The Press

Endeavour to sink navy ship

- JEFFREY KITT

Instead of sailing on emerald green waters into the Marlboroug­h Sounds, the Endeavour could find itself on the murky seabed as a home for octopus and fish.

At least, its namesake could, in a radical idea from diving enthusiast­s to commemorat­e the 250th anniversar­y of Captain James Cook’s landing.

A navy boat named after Cook’s ship is scheduled for retirement next year, and an idea to scuttle the vessel as a marine habitat at Ship Cove is gaining traction.

Waikawa Dive Centre owner Stuart Scaife believed the project could tie history and tourism together to create a world-class dive site.

‘‘The timing, the vessel, the name, everything lines up. It is perfect,’’ he said. ‘‘The boat is aptly named and headed for decommissi­on, why not use it?’’

The original Endeavourf­irst sailed into Ship Cove on January 15, 1770. Cook spent more than 100 days at Ship Cove, in the Queen Charlotte Sound, on five occasions.

The bay became Cook’s favourite anchorage in New Zealand.

The HMNZS Endeavour was built in South Korea in 1988, and is the third ship of this name to serve in the Royal New Zealand Navy.

The 7300-tonne fleet oiler was scheduled for decommissi­on in April 2018.

The sea floor in the Marlboroug­h Sounds was largely silt, Scaife said, and structures beneath the water gave life to some of the most interestin­g areas of the marine habitat.

Octopus, crayfish, algae and fish congregate­d around seabed formations and a large naval ship beneath the water had huge potential for Marlboroug­h, Scaife said.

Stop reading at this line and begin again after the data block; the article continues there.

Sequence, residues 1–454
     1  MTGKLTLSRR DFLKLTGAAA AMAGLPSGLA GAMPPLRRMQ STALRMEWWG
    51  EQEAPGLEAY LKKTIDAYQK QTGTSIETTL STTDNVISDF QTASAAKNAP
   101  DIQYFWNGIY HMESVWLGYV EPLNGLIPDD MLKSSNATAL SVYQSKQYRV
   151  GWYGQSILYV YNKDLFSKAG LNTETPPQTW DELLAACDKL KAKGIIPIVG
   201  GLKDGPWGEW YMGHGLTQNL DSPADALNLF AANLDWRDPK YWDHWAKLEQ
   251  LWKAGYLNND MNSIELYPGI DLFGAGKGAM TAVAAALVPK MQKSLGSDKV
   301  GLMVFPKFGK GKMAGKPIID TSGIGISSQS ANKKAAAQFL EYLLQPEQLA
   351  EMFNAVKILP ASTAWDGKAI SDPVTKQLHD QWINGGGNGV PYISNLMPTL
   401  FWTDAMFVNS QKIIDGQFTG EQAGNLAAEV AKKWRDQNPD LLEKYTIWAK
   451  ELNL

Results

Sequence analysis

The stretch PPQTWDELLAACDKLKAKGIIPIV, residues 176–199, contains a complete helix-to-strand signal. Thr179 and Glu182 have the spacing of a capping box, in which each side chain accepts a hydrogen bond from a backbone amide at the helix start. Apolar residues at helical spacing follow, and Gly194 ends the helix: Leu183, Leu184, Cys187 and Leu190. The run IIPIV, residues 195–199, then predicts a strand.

‘‘When there is a structure, whether it be a wreck or a rock or a tree, stuff grows around it,’’ he said. ‘‘The benefit for something like this is not just for a dive site, but to create a great habitat for the marine life. We’ve got to sew the seed and gather some momentum for this.’’

A post on the Waikawa Dive Centre Facebook page garnered almost 150 likes in support of the idea. Scaife met organisers of Totaranui 250 Trust to discuss the idea on Thursday.

The trust was set up to commemorat­e the 250th anniversar­y of Cook’s landing and Marlboroug­h’s dual Maori and European history.

It was announced last year the trust would receive $100,000 a year over the next three years from the Marlboroug­h District Council towards celebratin­g the nationally significan­t event. This was on top of a $5 million commitment from central government to assist commemorat­ion events across landings sites in New Zealand.

"The timing, the vessel, the name, everything lines up. It is perfect." Waikawa Dive Centre owner Stuart Scaife

 ?? PHOTO: SCOTT HAMMOND/STUFF ?? Waikawa Dive Centre instructor Kate Trayling, left, and owner Stuart Scaife hope to use decommissi­oned navy boat HMNZS Endeavour to create an artificial reef at one of Captain Cook’s landing sites in the Marlboroug­h Sounds.
PHOTO: SCOTT HAMMOND/STUFF Waikawa Dive Centre instructor Kate Trayling, left, and owner Stuart Scaife hope to use decommissi­oned navy boat HMNZS Endeavour to create an artificial reef at one of Captain Cook’s landing sites in the Marlboroug­h Sounds.

Newspapers in English

Newspapers from New Zealand